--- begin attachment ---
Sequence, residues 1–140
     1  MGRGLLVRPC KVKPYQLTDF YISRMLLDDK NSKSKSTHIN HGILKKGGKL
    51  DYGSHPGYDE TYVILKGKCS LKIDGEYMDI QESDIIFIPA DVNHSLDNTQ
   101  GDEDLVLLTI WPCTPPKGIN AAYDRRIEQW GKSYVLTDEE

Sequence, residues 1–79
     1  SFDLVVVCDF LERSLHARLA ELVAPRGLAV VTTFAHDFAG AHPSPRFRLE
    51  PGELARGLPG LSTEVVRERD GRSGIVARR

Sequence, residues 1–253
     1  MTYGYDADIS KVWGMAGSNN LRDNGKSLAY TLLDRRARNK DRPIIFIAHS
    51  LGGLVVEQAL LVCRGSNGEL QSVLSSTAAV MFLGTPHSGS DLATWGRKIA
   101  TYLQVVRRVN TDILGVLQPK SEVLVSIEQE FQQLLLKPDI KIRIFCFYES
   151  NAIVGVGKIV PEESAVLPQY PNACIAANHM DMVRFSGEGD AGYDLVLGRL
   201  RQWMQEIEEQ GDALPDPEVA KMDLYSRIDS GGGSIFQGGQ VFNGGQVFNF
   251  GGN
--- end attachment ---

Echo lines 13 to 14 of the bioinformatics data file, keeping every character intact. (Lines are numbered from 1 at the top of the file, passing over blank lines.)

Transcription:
   201  RQWMQEIEEQ GDALPDPEVA KMDLYSRIDS GGGSIFQGGQ VFNGGQVFNF
   251  GGN